• C# is the microsoft version of C and has a lot of other api stuff embedded in it. Visual Studio is the microsoft IDE which is used for development and your school may allow you to acquire it from them cheap.



    How about a popular parsed language?

    • Python. Python is a parsed language but it's really powerful and fun. It can be used as a back end on web servers so it's a good way to develop applications which need to be enacted on the server side. It is parsed though which means your code can be scrutinized or even copied pretty easily (although compiled languages can be decompiled and stolen too. I really like python, it's like C without all the challenges.



    SQL -- Structured Query Language

    You pretty much have to learn this at some point. The reason, well, if you want to use a database to store your information (and you do) instead of text files (flat files) you have to have a way to talk to the database itself. SQL is a standardized way to do that even if you are writing your application in PhP. You still store your data and retreive information with SQL calls embedded in your RUBY/C/Java/Php/Python code. Otherwise, your data is stuck in 1970.

    - We could then list languages for the rest of the day and still never list all the languages that exist and have existed since the 1940s. Basically, you need to make some assessments about your skill set.

    1. Look at the jobs you are interested in doing/getting out in the industry. Do they mostly say C or RUBY or PhP? Make a list and see how many times each one occurs.
    2. What level of programming are the jobs seeking, expert, beginner? Do they "preferred" or "required". If they say expert or required, they expect you are going to be well versed and most likely give you a test at the interview to see how well you do.
    3. Computer science is much more focused on programming then is something like Cybersecurity but you need to have some programming chops in your backpack if you want to be viable. Pretty much everyone expects you can at least "script" which means you know how to use Python or BASH or something to put together code to do basic tasks. Application development means you are expected to be involved (usually in a team) to put together working tools or whatever in the language they list.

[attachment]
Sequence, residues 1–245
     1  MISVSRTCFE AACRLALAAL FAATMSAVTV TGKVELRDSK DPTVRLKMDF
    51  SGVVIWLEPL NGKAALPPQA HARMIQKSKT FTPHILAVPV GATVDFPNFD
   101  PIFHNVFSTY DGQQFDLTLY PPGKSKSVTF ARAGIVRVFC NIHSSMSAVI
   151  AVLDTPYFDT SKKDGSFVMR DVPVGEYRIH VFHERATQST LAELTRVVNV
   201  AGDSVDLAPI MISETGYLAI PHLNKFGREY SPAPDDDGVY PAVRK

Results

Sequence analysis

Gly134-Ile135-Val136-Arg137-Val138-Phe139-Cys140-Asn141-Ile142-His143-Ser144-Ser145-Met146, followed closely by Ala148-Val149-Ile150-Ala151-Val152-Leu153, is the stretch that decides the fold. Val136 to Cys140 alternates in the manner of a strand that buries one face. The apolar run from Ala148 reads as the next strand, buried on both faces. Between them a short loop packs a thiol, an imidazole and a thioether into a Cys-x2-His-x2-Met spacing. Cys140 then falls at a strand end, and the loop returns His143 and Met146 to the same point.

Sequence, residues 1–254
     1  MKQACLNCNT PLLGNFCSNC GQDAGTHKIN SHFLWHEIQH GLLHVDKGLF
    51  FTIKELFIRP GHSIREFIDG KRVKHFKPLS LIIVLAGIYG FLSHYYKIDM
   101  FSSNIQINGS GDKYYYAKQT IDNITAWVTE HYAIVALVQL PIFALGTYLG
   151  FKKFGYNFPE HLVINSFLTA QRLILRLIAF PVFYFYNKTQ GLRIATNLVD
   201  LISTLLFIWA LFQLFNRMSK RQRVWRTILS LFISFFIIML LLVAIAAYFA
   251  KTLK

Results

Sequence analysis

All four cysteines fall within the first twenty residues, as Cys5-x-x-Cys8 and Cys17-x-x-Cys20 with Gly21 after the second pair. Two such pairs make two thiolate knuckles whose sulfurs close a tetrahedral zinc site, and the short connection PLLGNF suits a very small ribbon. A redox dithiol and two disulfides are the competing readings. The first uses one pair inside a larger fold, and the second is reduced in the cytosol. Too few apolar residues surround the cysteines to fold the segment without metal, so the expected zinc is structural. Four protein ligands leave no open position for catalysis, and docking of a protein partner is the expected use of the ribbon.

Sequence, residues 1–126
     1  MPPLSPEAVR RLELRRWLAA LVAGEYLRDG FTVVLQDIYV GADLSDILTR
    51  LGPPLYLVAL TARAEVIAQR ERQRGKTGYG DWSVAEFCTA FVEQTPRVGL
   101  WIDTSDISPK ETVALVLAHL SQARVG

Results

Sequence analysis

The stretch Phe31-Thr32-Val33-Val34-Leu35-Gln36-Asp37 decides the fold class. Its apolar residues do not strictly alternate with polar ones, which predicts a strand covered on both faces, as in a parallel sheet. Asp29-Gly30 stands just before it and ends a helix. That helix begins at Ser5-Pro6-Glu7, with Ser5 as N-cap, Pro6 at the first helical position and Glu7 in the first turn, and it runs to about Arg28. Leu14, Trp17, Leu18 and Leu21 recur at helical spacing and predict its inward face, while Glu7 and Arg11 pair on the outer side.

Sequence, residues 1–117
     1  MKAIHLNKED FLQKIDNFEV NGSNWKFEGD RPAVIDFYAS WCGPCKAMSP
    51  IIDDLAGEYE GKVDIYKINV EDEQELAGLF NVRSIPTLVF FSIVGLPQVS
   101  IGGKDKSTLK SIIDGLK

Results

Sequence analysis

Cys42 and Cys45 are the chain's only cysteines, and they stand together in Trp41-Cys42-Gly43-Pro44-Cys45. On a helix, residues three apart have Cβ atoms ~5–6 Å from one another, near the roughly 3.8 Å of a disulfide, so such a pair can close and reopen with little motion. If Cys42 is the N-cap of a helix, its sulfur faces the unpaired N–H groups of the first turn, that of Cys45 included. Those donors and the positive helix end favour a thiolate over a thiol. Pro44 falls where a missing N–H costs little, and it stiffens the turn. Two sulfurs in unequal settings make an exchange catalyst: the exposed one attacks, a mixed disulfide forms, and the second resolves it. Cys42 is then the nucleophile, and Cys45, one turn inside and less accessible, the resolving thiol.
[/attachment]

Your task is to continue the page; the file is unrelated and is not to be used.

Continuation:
4. Learn an easy language that's fun first. I love Ruby and Python. Ruby in particular is fun since you can write graphics code so easily using gifs and jpgs to fake the graphic parts. It's a great way to code up some simple games and learn to code without getting too deep into weird syntax.
    5. Write a lot of code. Just think up things and code them. Games, tools, whatever, and you can solve all these things.



    Interlude:
    But DOUG!, I don't have millions of dollars to buy my own mainframe computer and license a compiler for 25000 a month from IBM. Well, don't worry, it's not 1980 anymore. Today, you can use Virtual box and get tools for free. Everything above I mentioned will run on Linux and you can just install the compiler and you're off. Seriously, every language I listed is free and you can even get free classes online to learn this stuff. Basically, after you write a few simple programs, it's a matter of saying "ok, so how can I make the dice roll on the screen?" Use google and get code examples. Make mistakes, break things, and fix them and you will be a great coder.

    1. When you feel pretty good about that first language, maybe add another one (at least basic). You will find that if you can do one, you can pretty quickly learn another just by coding and looking up the rules.



    What do I recommend:

    • Well, Python and C++ are what I teach.
    • Ruby and C++ are a good combo



    Get Virtual Box, Mint Linux, Code::Blocks IDE, you can install almost any compiler right there. Or you can write web code in PhP. But, any language is a good language and will build your skills. Taking courses is great and helps you be better, more professional coder but the more you practice, the better you will be and the easier the classes will be too.